How about a current-events example? Here in Illinois, we recently had yet another governor convicted on corruption charges. Blago wasn't content with a great salary and pension; he wanted to raise his family as if they had vastly more wealth than they did. He shook down everyone he could for the money to support the lavish lifestyle. Now how much do you think his family will care about the fancy dinners and vacations and expensive clothes and cars while he spends the next decade or more in prison? And how great must it be knowing your father is the type of guy who'd withhold funding from a children's hospital until they pay a bribe? Think that kind of character just may spill over into parenting or marriage, just a little?

Helpmate Suitable. Much of this so far has been primarily at the men, because I are one. So this is for the ladies. How do you best support your man as he tries to provide for the family? How can you best help him balance his duties at work, home, and church, without belittling or berating? Can you be the voice of contentment instead of the voice of more, more, more - especially if your current standard of living is significantly lower than daddy provided? (I will not elaborate on that for now, except to say I've seen that issue far too frequently, and there are few ways to destroy your husband faster than telling him he doesn't live up to your dad.)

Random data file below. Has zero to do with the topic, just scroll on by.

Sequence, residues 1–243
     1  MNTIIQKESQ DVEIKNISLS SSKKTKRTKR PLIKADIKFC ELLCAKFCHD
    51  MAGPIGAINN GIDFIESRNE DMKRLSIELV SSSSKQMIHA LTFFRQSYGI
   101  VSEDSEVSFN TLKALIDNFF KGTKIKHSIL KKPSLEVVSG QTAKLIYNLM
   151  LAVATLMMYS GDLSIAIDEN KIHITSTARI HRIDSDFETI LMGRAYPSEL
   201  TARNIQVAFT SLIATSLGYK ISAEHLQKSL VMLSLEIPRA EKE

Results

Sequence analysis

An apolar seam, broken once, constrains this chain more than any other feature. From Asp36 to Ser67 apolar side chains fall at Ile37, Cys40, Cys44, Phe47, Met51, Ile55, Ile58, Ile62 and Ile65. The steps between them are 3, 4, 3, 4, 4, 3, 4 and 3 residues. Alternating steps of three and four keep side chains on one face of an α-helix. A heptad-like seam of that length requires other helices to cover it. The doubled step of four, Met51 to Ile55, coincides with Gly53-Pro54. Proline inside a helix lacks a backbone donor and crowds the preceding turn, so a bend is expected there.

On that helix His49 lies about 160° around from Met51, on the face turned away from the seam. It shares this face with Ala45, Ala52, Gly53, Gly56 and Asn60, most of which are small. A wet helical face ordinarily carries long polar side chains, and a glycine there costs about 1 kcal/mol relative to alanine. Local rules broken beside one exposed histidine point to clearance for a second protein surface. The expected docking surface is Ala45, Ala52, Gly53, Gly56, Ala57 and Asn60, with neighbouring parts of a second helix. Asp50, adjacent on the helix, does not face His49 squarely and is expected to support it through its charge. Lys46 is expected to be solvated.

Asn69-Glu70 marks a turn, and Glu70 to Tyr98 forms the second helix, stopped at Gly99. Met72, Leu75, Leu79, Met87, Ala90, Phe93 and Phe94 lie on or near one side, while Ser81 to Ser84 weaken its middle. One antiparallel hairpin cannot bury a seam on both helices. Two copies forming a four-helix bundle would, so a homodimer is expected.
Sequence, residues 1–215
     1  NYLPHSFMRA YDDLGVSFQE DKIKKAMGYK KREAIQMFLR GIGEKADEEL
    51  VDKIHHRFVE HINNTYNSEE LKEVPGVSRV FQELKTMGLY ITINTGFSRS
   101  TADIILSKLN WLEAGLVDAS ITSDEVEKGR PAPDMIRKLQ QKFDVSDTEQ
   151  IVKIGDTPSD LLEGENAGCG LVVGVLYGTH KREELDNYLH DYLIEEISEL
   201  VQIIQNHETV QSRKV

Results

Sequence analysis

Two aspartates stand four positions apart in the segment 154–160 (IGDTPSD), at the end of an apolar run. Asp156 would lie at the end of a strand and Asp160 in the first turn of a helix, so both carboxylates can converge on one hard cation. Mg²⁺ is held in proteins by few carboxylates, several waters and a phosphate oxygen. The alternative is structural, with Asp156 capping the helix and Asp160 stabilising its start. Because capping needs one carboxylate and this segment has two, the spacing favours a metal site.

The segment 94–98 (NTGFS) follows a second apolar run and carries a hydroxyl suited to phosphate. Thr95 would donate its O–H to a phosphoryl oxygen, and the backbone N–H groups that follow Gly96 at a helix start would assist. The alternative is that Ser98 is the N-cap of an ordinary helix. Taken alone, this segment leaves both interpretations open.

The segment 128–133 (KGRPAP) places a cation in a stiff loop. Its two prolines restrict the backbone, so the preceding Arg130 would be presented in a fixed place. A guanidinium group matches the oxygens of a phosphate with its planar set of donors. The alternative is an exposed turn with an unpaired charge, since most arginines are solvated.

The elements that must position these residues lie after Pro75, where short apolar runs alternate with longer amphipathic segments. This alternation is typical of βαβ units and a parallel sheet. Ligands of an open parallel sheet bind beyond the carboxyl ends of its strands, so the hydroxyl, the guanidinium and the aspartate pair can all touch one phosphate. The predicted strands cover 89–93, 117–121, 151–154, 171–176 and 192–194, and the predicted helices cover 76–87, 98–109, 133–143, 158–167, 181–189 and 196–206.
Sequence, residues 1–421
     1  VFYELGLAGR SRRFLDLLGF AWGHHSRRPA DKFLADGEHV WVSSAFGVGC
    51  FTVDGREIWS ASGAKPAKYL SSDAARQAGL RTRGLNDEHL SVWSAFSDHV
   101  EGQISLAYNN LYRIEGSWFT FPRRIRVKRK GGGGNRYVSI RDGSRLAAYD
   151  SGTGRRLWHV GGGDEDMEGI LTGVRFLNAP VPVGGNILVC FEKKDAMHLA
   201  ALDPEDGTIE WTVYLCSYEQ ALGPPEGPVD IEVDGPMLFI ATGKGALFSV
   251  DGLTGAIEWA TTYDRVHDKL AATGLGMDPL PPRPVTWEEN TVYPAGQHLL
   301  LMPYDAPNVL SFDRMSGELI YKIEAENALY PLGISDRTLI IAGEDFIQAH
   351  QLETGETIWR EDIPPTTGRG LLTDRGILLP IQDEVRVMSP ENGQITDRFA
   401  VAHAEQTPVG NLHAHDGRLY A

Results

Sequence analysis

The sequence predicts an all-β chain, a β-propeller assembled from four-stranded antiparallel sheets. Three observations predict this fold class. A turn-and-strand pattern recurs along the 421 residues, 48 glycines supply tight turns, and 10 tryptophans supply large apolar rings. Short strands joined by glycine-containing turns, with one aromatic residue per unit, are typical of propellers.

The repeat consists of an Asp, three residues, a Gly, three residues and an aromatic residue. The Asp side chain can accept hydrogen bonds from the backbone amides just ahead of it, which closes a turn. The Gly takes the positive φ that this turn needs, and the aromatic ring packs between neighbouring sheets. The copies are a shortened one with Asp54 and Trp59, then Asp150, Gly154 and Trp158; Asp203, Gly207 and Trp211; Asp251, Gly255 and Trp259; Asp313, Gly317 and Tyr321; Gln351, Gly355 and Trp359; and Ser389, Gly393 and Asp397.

So there's where I went with that proverb. Feel free to chime in more applications or expound on these some more.

And for next time, let's think through Proverbs 19:3. "When a man's folly brings his way to ruin, his heart rages against the Lord."